A writer can get away with quite a few things on stage that are tough to pull off in movies.
An episode of Grey’s Anatomy might have the same title as your spec. That’s not even close to being plagiarism.
If you’re looking to put your story out into the world, paper beats film, hands down.
The big villain in Spider-Man 3 was a plague of coincidence. Here’s how they could have avoided it.
The Motaba virus sounds bad, but the cure — heavy doses of Dustin Hoffman — is arguably worse.
No. But getting a movie made is worth a lot more than any award.
I spent a few days in Chicago to see the workshop of my friends’ new musical, Asphalt Beach. And then I wrote a play.
You rarely see clinical depression in movies and TV, despite being much more common in real life than, say, retrograde amnesia.
In all likelihood, it’s not — you just think it is.
The vast majority of memoirs are written by vain, delusional nutjobs, so there’s no reason you shouldn’t be entitled to your six-figure advance.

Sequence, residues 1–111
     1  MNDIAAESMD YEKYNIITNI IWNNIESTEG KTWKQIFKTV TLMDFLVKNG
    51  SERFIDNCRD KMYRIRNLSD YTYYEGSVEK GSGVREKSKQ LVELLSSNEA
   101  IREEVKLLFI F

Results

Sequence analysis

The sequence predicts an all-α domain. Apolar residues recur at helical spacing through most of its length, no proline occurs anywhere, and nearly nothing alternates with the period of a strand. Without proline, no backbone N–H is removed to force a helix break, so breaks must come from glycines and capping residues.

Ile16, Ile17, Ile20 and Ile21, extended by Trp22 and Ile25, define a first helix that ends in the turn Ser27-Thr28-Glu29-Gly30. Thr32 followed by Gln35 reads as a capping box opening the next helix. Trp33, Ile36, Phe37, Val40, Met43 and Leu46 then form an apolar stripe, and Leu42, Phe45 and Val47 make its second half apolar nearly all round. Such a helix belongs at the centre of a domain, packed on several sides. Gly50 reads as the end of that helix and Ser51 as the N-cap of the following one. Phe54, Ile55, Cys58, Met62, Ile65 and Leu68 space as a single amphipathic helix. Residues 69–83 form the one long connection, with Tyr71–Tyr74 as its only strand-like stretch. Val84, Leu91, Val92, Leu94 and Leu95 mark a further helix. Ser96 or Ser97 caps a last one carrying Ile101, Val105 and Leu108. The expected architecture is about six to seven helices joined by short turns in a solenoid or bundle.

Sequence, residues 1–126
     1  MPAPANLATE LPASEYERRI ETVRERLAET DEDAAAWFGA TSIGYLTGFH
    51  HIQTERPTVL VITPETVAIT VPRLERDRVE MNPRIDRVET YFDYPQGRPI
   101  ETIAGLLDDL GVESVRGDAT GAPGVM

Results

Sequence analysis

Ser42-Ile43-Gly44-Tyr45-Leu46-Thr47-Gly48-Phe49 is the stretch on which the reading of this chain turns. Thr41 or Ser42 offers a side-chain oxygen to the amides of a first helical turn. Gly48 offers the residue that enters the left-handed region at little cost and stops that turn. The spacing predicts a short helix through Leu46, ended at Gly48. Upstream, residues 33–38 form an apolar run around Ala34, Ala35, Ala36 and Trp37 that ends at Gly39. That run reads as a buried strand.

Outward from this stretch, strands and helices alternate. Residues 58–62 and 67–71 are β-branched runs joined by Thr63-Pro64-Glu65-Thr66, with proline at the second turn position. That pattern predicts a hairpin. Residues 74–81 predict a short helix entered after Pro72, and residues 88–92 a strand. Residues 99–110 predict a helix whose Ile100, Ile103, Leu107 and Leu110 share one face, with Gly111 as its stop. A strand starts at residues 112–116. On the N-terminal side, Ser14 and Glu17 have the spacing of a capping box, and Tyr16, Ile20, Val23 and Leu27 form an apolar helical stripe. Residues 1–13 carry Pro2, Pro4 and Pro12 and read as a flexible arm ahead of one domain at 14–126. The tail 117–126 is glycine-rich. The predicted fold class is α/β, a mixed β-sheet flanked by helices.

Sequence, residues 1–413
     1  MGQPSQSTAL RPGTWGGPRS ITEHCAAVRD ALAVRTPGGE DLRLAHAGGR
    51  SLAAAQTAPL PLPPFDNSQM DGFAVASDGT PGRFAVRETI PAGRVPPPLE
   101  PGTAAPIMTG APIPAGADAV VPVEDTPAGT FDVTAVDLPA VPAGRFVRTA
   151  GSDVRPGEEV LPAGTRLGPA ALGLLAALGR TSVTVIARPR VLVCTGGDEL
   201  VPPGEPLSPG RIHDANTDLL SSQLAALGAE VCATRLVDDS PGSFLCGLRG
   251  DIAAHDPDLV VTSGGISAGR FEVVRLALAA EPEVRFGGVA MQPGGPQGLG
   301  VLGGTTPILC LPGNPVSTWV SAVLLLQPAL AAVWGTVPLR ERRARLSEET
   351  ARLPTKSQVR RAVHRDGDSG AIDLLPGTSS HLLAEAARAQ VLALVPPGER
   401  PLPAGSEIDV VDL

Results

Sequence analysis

You’ve never met an undead blood-sucker, and neither have I. Yet we can both agree on quite a few characteristics of these non-existent beings.
There is definitely room in the film universe for a uber-geek movie, be it a thriller, a drama, a comedy or whatever.
This “knowing when it’s done” sense only develops with experience.
I want to know that no one’s hurt, but even more, I want to know what the hell I saw.
A useful guide to super-villainy.
It’s surprisingly difficult for any villain — even a powerful alien race — to actually destroy the planet.
Welcome to the world of experimental film, where you invite mocking simply based on hubris.
The right genre is the one that will actually get you to fire up your word processor, rather than surf the internet.
Nail down characters, tone and action come before plot and structure.
Yes. So write one.